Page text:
I like the idea that there is no “me” associated with Mike Yost.
But that’s your name in the byline.
It’s just a name. Merely a sound made by vocal chords.
And “you” are not just a sound.
Exactly. The name in the byline is something I associate with the person drafting this article.
And the word “person” comes from the word “persona”—a derivative from Latin, meaning a mask.
There are many masks of Mike (such as writer), but none of those masks are wholly me.
And there are also a ton of Mikes in the world—who are not you.
I once met another Mike Yost.
Did he have a goatee and come from an evil mirror parallel universe?
Meeting an evil Mike Yost would have been awesome.
He was just another person. A mask with the same name.
So, if you are not your name or your persona, what are you?
I’m a series of things that I am not.
I think you’re overthinking this.
To quote the famous contemporary philosopher Tyler Durden: “You’re not your job. You’re not how much money you have in the bank. You’re not your f*cking khakis.”
I thought we weren’t supposed to talk about Tyler.
But I find myself identifying with my depression the way I used to identify myself with a career or an income.
You just did it there!
“My” depression. Is that something you can own, like a car? How is depression ever “your” depression?
Especially if you’re just a persona, a mask.
Depression is owned by no one.
That sounds like an epiphany or something.
But how does it help?
Focus! How does this help if depression is not “your” depression?
I’m not sure.
But you’re the writer with the mental monsters meddling with your life. Focus!
Well, there’s an idea floating around that consciousness isn’t really an entity hidden deep within the skull. I’m not a thinking thing as much as I’m a pattern.
Imagine a whirlpool. It’s something you recognize immediately but can’t quite isolate from the rest of the flowing water. Clearly there is a part of the river that is not whirlpooling, and part of the river that is whirlpooling.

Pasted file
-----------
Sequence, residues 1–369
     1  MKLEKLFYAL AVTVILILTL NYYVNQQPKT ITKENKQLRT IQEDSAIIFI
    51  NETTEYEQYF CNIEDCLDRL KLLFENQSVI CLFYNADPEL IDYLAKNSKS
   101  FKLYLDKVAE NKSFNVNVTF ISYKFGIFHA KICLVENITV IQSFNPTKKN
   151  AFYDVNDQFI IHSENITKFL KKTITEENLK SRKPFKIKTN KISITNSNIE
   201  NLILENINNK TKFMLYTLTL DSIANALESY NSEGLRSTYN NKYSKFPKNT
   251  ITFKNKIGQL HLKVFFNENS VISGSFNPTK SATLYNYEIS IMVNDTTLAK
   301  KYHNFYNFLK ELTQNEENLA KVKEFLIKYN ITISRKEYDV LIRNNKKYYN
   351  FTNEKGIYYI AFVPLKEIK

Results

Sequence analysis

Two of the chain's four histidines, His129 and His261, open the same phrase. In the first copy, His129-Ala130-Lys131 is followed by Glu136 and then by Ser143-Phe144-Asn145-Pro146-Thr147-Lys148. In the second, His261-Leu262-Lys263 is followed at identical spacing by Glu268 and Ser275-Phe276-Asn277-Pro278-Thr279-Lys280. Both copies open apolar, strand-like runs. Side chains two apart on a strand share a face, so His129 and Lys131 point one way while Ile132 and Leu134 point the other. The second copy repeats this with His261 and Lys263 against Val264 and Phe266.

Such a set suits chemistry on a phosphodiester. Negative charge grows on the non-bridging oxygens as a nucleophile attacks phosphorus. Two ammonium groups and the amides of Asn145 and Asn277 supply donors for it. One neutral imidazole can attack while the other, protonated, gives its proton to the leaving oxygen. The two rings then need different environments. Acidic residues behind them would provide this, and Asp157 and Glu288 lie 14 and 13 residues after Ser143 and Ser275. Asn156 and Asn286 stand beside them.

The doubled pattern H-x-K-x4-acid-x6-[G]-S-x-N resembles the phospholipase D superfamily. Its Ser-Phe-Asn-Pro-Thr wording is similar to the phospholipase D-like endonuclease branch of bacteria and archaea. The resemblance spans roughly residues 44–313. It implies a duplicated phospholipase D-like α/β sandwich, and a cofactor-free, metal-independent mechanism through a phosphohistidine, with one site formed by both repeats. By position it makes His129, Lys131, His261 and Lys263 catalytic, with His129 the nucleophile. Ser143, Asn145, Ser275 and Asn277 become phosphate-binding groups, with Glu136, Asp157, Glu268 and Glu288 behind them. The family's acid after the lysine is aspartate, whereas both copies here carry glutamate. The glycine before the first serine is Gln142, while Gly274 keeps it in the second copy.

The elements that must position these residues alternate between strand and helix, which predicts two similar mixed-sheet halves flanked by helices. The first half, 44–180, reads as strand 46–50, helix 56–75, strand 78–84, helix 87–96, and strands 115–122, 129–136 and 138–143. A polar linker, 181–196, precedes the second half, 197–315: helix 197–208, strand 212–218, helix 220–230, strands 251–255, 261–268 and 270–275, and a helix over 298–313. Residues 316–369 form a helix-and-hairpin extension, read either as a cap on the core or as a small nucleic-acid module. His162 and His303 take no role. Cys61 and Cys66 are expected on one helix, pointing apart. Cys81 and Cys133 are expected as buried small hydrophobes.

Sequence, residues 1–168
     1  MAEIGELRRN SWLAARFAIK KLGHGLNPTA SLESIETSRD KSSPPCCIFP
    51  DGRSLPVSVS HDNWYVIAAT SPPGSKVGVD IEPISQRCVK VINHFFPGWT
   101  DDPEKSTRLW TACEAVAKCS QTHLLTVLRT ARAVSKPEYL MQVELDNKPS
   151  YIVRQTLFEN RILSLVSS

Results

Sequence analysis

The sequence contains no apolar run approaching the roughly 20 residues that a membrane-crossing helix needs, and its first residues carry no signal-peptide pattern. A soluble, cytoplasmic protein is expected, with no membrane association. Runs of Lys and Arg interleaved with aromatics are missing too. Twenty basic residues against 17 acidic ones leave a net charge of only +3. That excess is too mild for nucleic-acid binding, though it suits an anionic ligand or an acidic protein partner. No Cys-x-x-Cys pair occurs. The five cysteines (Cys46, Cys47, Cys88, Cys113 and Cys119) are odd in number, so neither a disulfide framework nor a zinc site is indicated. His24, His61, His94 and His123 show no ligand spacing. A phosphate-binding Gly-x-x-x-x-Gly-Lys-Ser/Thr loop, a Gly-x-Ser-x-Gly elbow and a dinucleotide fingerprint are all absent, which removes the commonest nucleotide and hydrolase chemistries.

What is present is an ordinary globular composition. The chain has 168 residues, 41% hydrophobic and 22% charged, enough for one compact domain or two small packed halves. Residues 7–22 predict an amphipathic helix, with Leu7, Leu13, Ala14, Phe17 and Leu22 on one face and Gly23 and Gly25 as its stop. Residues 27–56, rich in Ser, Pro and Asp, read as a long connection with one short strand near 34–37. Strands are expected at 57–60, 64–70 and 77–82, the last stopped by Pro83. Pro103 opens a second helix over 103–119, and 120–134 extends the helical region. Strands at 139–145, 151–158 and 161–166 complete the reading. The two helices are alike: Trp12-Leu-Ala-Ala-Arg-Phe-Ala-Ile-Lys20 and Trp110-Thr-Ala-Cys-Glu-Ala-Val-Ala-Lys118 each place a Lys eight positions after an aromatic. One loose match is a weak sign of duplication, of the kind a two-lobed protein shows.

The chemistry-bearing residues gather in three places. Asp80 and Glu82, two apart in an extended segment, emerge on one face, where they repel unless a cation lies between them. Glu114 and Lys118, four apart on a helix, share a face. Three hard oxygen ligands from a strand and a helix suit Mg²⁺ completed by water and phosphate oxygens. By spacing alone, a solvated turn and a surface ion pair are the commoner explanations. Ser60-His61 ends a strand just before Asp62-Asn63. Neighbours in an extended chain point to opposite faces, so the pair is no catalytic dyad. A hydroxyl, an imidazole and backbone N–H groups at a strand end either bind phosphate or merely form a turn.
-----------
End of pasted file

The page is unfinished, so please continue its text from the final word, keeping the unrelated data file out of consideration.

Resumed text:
But the boundary between the two can’t be precisely outlined.
And it’s always changing and churning, depending on the current of the river.
So you’re a woeful whirlpool. Now what?
If you walk into the river and try to remove part of the whirlpool, all you get is a glass of murky water.
You’ve lost it as soon as soon as you try to identify it.
Because a whirlpool is a pattern. I’m a pattern, a series of personas I wear to create what everyone knows as Mike Yost.
And part of that pattern is depression.
Not just depression. Patterns of happiness when I’m with friends. Patterns of grief at the losses I’ve endured.
All of it a whirling vortex swirling around the nothing that is Mike Yost.
And if my depression is a part of me, like the part of the pattern that makes up a whirlpool, then my duel with depression becomes something else entirely.
Because it’s not “your” depression.
It’s not something I can isolate and dump out of the whirlpool. But depression doesn’t define me any more than the truck I drive defines me.
Wait, you drive a truck?
And people will often judge or define me based on the truck I drive or the depression that drives me down.
That sounds unfair.
Perhaps. But it’s only a problem when I take that identification with my truck or my depression too seriously.
You mean “the” depression.
Exactly! I try not to take the identification with the depression too seriously. I fight it, and I often get beaten down by it over and over and over and over again.
Until you’re absolutely weary from the fight.
But I don’t identify the fight as me, because there is no “me” to be identified. I can always choose how I react when THE depression makes me feel like I’m drowning in hopelessness.
The “I” isn’t really drowning in hopelessness.
Because the experience of how I feel can never wholly define who I am.
So, how does this perspective help?
I’m not sure. I’m just not as scared anymore.
*Photo by Mike Yost